March is Women’s History Month, a time to commemorate and encourage the study, observance, and celebration of the achievements of women throughout history. These achievements span countless disciplines: social, cultural, political, and, of course, economic. According to a report by the National Association of Women Business Owners, today more than 11.6 million US firms are owned by women, including 5.4 million by women of color. Collectively, these women-owned businesses in the U.S. employ 9 million people and generate almost $1.7 trillion in revenue. We have come a long way and yet the road toward equality still stretches far into the future.
While it’s true that the number of women-owned businesses has skyrocketed in the last 20 years (114% growth compared to an overall national rate of 44%), employment and access to capital for women-owned firms remain stubbornly flat. In the case of revenue generation, there has even been a slight decline. Currently, less than 5% of women-owned businesses generate at least $1 million in revenue.
Closing this gap is critical for economic development, especially at the local level. A majority of the 600+ new, women-owned businesses (71%) launched daily are by women of color. As more of these firms attempt to scale, the women that lead them bring much-welcomed jobs to communities often desperately in need of them and create inclusive economic and social opportunity in the process. Yet, in spite of their demonstrated leadership skills and deep commitment to growth, women continue to struggle for access to the capital and connections needed to build their ventures. This is largely due to historic inequity.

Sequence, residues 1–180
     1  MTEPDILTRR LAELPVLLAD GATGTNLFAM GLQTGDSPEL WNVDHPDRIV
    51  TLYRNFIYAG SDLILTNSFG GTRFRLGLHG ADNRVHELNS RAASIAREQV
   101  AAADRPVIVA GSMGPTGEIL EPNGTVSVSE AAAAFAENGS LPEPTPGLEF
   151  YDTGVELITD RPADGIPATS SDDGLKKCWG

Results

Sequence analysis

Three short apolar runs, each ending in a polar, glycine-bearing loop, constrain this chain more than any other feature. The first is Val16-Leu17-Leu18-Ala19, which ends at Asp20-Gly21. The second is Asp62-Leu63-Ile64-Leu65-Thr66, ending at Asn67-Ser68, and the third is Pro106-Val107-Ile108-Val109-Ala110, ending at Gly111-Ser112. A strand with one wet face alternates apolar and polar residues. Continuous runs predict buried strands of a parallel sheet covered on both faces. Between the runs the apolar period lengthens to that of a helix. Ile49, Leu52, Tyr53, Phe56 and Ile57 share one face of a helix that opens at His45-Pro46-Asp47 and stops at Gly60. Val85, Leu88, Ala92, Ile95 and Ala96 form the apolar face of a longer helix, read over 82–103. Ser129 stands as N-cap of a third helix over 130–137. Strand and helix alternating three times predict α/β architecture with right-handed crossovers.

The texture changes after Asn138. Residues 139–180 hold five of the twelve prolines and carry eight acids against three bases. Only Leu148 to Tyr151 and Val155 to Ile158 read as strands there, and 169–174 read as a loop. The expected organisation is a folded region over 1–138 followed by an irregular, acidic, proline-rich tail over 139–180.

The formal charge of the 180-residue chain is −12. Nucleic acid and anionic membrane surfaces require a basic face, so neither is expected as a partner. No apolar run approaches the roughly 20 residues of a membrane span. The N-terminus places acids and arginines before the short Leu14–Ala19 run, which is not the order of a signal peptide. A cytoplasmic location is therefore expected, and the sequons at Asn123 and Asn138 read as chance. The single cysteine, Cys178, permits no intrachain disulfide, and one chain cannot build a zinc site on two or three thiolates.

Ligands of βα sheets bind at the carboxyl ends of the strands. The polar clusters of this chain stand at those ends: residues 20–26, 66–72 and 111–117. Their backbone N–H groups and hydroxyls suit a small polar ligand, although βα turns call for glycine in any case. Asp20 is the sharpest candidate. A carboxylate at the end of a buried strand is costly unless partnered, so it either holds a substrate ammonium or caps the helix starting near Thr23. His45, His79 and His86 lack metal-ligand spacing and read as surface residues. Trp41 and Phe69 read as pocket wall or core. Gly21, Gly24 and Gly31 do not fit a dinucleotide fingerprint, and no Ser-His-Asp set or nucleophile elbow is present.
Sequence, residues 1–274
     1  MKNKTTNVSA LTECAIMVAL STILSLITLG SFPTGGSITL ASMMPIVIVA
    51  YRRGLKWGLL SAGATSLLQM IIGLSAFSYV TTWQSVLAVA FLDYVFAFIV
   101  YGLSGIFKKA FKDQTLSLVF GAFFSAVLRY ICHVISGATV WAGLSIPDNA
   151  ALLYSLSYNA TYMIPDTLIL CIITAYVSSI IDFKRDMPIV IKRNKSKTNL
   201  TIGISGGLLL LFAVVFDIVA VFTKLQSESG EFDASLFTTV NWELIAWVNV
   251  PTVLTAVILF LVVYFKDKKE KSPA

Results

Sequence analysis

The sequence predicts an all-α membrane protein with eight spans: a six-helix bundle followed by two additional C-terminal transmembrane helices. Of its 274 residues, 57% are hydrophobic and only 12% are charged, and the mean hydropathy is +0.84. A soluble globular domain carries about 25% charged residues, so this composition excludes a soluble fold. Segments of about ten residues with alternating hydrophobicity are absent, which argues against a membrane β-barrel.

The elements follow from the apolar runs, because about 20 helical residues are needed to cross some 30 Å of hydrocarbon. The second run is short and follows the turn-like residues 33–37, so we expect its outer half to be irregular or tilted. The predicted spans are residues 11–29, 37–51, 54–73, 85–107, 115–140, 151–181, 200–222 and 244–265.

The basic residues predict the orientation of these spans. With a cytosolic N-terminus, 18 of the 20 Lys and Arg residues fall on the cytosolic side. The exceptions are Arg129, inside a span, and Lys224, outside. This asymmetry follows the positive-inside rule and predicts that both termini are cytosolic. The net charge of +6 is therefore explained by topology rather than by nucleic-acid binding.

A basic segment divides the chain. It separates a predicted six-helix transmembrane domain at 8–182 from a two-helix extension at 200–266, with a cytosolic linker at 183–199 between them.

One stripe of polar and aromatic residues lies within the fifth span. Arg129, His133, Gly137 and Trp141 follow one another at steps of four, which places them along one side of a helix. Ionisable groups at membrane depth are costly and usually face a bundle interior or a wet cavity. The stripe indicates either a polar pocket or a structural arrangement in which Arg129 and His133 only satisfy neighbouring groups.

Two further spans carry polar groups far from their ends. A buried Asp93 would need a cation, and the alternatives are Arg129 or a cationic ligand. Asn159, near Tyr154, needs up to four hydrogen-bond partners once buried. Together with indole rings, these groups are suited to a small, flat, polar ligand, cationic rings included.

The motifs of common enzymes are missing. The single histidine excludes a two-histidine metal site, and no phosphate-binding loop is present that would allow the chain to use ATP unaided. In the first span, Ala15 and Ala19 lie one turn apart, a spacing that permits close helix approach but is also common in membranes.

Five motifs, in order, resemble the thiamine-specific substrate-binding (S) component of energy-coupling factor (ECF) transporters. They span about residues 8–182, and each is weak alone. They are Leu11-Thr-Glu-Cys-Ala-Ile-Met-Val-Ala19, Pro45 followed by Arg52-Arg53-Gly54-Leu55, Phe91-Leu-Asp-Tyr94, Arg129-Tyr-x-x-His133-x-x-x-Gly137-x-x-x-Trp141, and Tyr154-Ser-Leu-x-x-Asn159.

Women’s history month is about acknowledging this historic inequity – the history of women’s struggle – and doing what we can to address and overcome it. At ICIC, we are committed to providing urban, women entrepreneurs the access to the capital and capacity-building opportunities needed to smash through the ever present glass ceiling. According to the 2018 programmatic impact report, 45% of participants in the Goldman Sachs 10,000 Small Businesses program have been women. The program has partnered with organizations supporting women entrepreneurship such as the National Association of Women Business Owners to provide a year of discounted membership to women-owned businesses graduating from the program. In addition to advancements towards gender equality in the 10,000 Small Businesses program, we are proud that 2018 was the first year that a majority (54%) of participants in ICIC’s Inner City Capital Connections (ICCC) program were women. Since 2005, we’ve trained over 900 women-owned businesses, resulting in over $700m capital raised and boasting an average annual growth rate of 98%.
This month and every month, the best way we can all support the women in our lives and our cities is simple: Pay them. Invest in them. Hire a woman-owned business for your next project. Refer your colleagues. Spread the word.
“Celebrating” and “empowering” are nice words associated with the month, but for the economic sake of our cities, let’s do more. Together, let’s enrich the women-owned businesses in our communities. Only then will we will bridge the gender gap, and only then will our cities truly prosper.